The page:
Multimillionaire Robert Durst found guilty of murdering best friend


A California jury on Friday found multimillionaire real estate heir Robert Durst guilty of murdering his best friend Susan Berman in 2000, the first homicide conviction for a man suspected of killing three people in three states over the past 39 years.

Durst, 78, was not in court for the verdict, as he was in isolation at a jail because he was exposed to someone with coronavirus. He faces up to life in prison.

The nine-woman, three-man jury deliberated for seven and a half hours over three days.

Los Angeles County prosecutors called Durst a “narcissistic psychopath” who killed Berman in an attempt to cover up the disappearance of his wife, Kathleen McCormack Durst, in New York in 1982.

Durst was only on trial for killing Berman in California, but prosecutors argued he murdered three people: his missing wife, Berman and a neighbour in Texas who discovered his identity at a time when Durst was hiding from the law.

Despite long being a suspect in the disappearance of his wife, a 29-year-old medical student, Durst was never charged. Prosecutors said he killed her and then decided to kill Berman 18 years later because she had told others that she helped Durst cover up the crime.

‘Sick old man’

Defence lawyers in turn portrayed Durst, a frail cancer survivor who uses a wheelchair, as a “sick old man,” referencing Durst’s claim he is on the autism spectrum. They noted prosecutors, who questioned him for nine days of cross examination, were unable to produce forensic evidence linking Durst to the murder of Berman, 55, who was shot in the back of her head inside her Beverly Hills home.

The trial came six years after Durst’s apparent confession in the HBO television documentary series The Jinx, in which Durst was caught on a hot microphone in the bathroom saying to himself, “What the hell did I do? … Killed them all, of course.”

In 58 days spread over a year and half, including a one-year suspension after the trial began due to the coronavirus pandemic, prosecutors presented mountains of circumstantial evidence pointing toward Durst, who testified that he discovered Berman’s murdered body when he went to visit her but did not call police.

The prosecution also delved into the 2001 death and dismemberment of Morris Black, who was Durst’s neighbour in Galveston, Texas. A Galveston jury acquitted Durst of murder, even though Durst admitted he chopped up Black’s body and dumped it in Galveston Bay.

Deputy District Attorney Habib A. Balian holds a rubber latex mask, worn by Durst when police arrested him, in court on Sept. 8. (Al Seib/Los Angeles Times via The Associated Press)

In Texas, and again in the Los Angeles trial, Durst testified that Black pulled a gun on him and was shot accidentally when the two men wrestled over the firearm in Durst’s apartment.

Black’s death marked the second time Durst had a dead body at his feet, according to his own testimony.

The story of Durst, the estranged scion of a New York real estate developer, has been fodder for New York tabloids since his wife vanished. He provided plot twists so numerous that Hollywood couldn’t resist making a feature film about his life that eventually led to the documentary and discovery of new evidence in Berman’s slaying.

Durst ran from the law multiple times, disguised as a mute woman in Texas and staying under an alias at a New Orleans hotel with a shoulders-to-head latex mask for a presumed getaway. He jumped bail in Texas and was arrested after shoplifting a chicken sandwich in Pennsylvania despite having $37,000 in cash — along with two handguns — in his rental car.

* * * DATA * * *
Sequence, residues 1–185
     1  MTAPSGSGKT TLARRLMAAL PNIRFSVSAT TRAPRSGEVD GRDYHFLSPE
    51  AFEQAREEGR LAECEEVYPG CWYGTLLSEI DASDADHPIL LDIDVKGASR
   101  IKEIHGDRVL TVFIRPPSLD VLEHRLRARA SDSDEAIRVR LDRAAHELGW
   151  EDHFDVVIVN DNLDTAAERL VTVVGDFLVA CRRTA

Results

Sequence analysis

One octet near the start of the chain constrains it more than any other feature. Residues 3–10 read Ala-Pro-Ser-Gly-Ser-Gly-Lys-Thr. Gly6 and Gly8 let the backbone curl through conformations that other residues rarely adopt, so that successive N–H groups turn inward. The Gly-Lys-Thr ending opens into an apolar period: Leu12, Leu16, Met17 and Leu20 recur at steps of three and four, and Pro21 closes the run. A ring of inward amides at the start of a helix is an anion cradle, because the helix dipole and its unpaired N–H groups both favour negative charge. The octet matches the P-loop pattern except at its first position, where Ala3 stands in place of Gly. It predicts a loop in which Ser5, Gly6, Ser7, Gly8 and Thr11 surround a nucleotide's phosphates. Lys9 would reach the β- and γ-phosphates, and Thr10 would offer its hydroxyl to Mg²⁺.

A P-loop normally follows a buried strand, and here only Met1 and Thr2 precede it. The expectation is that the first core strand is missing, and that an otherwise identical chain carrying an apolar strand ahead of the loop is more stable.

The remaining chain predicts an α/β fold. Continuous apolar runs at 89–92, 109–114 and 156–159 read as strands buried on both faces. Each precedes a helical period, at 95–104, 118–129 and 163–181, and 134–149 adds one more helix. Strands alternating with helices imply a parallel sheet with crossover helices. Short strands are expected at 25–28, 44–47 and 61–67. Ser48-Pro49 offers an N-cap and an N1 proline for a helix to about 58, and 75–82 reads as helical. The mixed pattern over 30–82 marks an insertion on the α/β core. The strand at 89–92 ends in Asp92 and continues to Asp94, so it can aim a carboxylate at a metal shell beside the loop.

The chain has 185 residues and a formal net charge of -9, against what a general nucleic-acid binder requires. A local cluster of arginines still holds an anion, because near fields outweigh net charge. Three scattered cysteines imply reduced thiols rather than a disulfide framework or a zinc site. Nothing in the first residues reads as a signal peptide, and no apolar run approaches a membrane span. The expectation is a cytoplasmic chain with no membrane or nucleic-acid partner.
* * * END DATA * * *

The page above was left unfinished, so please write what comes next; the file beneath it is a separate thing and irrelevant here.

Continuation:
He later quipped that he was “the worst fugitive the world has ever met.”

Testified in wheelchair

In the deaths of both Black and Berman, Durst said he at first tried to call the 911 emergency number but later decided against it, fearing nobody would believe he was not guilty.

Durst testified from a wheelchair, usually in a jail uniform but also wearing a baggy suit jacket that would have fit properly in his younger, more robust days. His voice weakened by esophageal cancer, he sounded different from the man with a confident New York accent that jurors saw in The Jinx.

Hard of hearing, he would often read a simultaneous transcription of the questions on a tablet.

Lead defence attorney Dick DeGuerin attempted to cast doubt on the “killed them all” audio by arguing it was edited and had been kept by the filmmakers for years before it was turned over to the authorities. Durst said the mic failed to record him say “They’ll all think I” before uttering “killed them all.”

Besides The Jinx audio, two other pieces of evidence appeared to damage Durst’s defence. One was the recorded 2017 testimony of Nick Chavin, a mutual friend who said Durst admitted to him in 2014 that he had killed Berman.

“I had to. It was her or me. I had no choice,” Chavin recounted Durst telling him one night after dinner at a New York City restaurant.

Durst also admitted he authored a handwritten letter to Beverly Hills police with the word “cadaver” and Berman’s address, directing them to her undiscovered body. Durst had denied writing the note for 20 years but relented before testimony began, faced with evidence the note was his.

Durst is the grandson of Joseph Durst and son of Seymour Durst, who built The Durst Organization into one of New York City’s premier real estate companies which has developed some of Manhattan’s signature skyscrapers.

Robert Durst long ago left the company, now run by his estranged brother Douglas Durst, who testified at trial and said of his sibling: “He’d like to murder me.” 



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